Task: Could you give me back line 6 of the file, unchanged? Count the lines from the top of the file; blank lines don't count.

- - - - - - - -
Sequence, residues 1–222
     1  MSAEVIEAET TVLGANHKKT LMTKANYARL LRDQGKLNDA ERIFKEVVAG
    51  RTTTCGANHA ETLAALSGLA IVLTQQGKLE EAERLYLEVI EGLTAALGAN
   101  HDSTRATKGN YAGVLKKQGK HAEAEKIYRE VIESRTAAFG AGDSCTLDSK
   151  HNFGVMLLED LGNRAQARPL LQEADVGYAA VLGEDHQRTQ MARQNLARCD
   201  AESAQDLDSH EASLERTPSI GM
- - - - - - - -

   201  AESAQDLDSH EASLERTPSI GM